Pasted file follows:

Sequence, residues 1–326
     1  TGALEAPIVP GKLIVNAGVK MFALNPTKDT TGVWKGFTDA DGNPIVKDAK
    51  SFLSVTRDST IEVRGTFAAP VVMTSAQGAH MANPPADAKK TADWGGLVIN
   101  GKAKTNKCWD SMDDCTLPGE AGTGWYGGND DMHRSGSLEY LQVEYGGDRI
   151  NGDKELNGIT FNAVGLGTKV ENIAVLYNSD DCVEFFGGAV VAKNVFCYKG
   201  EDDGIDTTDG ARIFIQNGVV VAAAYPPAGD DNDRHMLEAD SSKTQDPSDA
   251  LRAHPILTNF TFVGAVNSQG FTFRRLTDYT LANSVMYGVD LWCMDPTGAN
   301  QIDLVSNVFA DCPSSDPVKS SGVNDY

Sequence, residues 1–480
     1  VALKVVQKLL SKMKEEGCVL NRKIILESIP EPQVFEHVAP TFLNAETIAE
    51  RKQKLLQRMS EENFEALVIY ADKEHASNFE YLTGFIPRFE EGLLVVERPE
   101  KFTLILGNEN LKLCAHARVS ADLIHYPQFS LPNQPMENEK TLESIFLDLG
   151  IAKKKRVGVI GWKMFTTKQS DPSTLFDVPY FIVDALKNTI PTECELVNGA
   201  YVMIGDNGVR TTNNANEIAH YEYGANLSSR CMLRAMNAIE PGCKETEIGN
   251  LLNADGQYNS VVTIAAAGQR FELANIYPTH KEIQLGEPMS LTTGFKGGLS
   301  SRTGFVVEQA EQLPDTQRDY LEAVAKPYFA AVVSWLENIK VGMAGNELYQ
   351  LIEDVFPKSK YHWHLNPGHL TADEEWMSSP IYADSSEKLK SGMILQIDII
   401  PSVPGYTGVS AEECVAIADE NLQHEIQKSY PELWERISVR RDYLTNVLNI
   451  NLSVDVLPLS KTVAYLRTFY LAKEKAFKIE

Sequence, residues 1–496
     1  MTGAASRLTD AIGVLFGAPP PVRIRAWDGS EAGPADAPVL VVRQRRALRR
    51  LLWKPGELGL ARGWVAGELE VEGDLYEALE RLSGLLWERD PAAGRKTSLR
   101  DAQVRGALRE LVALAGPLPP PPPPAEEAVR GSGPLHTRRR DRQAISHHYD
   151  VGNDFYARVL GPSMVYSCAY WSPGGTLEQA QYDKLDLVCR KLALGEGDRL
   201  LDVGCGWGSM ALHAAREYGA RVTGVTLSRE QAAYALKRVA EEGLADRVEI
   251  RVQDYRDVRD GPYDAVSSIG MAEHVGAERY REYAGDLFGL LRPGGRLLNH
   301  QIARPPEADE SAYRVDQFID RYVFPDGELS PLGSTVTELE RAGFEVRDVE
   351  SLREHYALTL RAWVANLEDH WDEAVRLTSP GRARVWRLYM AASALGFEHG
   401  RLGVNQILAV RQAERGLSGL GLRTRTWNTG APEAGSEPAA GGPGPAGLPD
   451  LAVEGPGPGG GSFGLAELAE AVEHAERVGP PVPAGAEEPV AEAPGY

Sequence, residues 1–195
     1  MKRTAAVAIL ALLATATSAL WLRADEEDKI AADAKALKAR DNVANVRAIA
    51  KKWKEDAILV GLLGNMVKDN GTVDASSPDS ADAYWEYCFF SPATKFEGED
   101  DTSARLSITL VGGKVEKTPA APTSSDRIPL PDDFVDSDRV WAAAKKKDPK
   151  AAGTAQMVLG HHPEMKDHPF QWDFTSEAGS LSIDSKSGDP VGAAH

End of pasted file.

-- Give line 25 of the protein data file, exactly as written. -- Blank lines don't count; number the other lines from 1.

   201  LDVGCGWGSM ALHAAREYGA RVTGVTLSRE QAAYALKRVA EEGLADRVEI